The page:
I moderated an excellent panel last week at Japan Society on "Obama's Internet Initiative & Social Reform in the U.S. & Japan" (listen to the audio here) with Josh Fouts (Dancing Ink Productions), Kazuya Okada (NTT Data Agilenet), Kevin Werbach (Wharton business school), and Toshihiro Yoshihara (CSIS). If I had to sum up the conclusions of the panelists, it would be that "culture matters" in the spread, use, and impact of information and communications technologies in various societies.
Werbach, who has advised the Obama Administration on IT policy, emphasized the "C" in ICT--communication. Echoing senior officials in the administration such as Anne-Marie Slaughter, Werbach said that ICTs must allow people to communicate, connect, and collaborate toward achieving national ends. ICTs should allow people to connect to people, government to connect to its constituents, and the United States to connect to the rest of the world. I recalled the mantra of the administration: convene, connect, and catalyze. This sense of the United States as a credible and trustworthy convener has been a common theme I have seen in the Obama team's thinking.
Fouts similarly argued that constructive use of ICTs must be a sincere dialogue or an exchange. He reminded the audience that in reaching out to new audiences and cultures, cultural norms don't change on social networking websites. He also eased some potential worry about the Internet and social trends: The use of technology cannot replace human contact; online outreach and human contact is not a binary choice, it is a matter of integrating the two. Fouts contributed a future idea for the group--U.S.-Japan cultural exchanges through virtual worlds.
The two Japanese panelists seemed concerned about Japan's use of ICTs. As Okada put it, the reason Japan lacks innovation in ICTs is that there is a gap between its IT infrastructure and its IT literacy or attitudes. Japan is stuck in old traditions, not taking advantage of ITC's potential. For example, few people telecommute to work and few meetings are conducted virtually. In Japan, Okada said, people have a "farming attitude" in contrast to America's "hunting" mentality. The result is that Japanese people avoid disruptive change, work hard rather than work smart, and make only incremental improvements (kaizen). Okada's remarks reminded me of my graduate school thesis on U.S.-Japan negotiations; one theory that described Japanese negotiating style related to its rice farming culture. Perhaps more disturbing for Japanese innovation, Okada noted that in Japan, there is little incentive to take risks but huge disincentives to not fail. In other words, the punishments for failure outweigh the potential gains from success. Many people point to Japan's high-tech robots as areas of innovation. But Okada said Japan is automating, not innovating.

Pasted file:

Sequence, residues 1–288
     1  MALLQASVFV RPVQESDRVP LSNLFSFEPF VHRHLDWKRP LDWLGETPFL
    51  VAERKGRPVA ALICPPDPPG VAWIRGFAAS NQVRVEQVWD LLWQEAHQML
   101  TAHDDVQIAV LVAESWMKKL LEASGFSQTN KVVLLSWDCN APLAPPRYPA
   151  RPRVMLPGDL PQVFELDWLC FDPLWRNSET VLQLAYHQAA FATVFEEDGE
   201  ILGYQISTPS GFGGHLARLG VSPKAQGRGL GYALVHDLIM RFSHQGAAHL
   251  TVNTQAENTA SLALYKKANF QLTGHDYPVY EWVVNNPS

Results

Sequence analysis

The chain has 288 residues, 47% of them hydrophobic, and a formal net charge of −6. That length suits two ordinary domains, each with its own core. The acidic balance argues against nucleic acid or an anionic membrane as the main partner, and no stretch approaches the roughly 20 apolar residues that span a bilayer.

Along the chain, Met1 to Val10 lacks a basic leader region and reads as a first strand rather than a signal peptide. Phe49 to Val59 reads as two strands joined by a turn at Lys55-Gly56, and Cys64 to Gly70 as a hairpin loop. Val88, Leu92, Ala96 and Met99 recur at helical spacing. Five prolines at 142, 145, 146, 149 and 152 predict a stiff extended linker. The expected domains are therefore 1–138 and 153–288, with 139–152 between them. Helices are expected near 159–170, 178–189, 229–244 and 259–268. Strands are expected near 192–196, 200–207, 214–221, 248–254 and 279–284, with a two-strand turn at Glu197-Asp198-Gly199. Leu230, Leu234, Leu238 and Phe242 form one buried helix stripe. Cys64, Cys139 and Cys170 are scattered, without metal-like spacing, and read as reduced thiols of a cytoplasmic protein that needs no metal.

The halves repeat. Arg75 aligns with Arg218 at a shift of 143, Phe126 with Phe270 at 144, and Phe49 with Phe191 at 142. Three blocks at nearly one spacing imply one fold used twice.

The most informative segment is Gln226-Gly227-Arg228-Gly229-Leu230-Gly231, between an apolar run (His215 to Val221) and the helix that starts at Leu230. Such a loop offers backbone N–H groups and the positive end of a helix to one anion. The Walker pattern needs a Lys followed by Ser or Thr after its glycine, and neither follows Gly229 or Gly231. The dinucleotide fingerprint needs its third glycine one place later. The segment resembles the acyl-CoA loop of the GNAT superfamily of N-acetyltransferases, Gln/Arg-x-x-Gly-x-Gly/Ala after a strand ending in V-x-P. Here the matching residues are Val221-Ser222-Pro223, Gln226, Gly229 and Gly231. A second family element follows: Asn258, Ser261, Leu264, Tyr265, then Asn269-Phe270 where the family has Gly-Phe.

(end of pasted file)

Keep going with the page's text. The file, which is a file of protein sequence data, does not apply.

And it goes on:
Yoshihara was slightly more optimistic but also criticized Japan's narrow use of ICT in policymaking. He said that while the U.S. approach toward establishing a broadband policy was open and inclusive, public comments through online surveys in Japan were limited. Reflecting a concern I have heard elsewhere, Yoshihara was also concerned about recent Japanese attitudes toward the Internet: In the United States, people feel the Internet is generally a healthy exchange of ideas he said while in Japan, a growing number of people feel that the Internet is a "dangerous" place, citing the vicious attacks on people in Internet forums such as 2channel. It was noted, however, that Japanese cultural "bads" present a low-hanging fruit for positive change.
To me this panel demonstrated that the Japan Society in New York City has a vital role to play in helping push for positive change in Japan--from the outside. I hope Japanese communities in New York City, a hub of innovation, will continue to exchange ideas at this historic institution and foster a stronger U.S.-Japan relationship through creativity and innovation.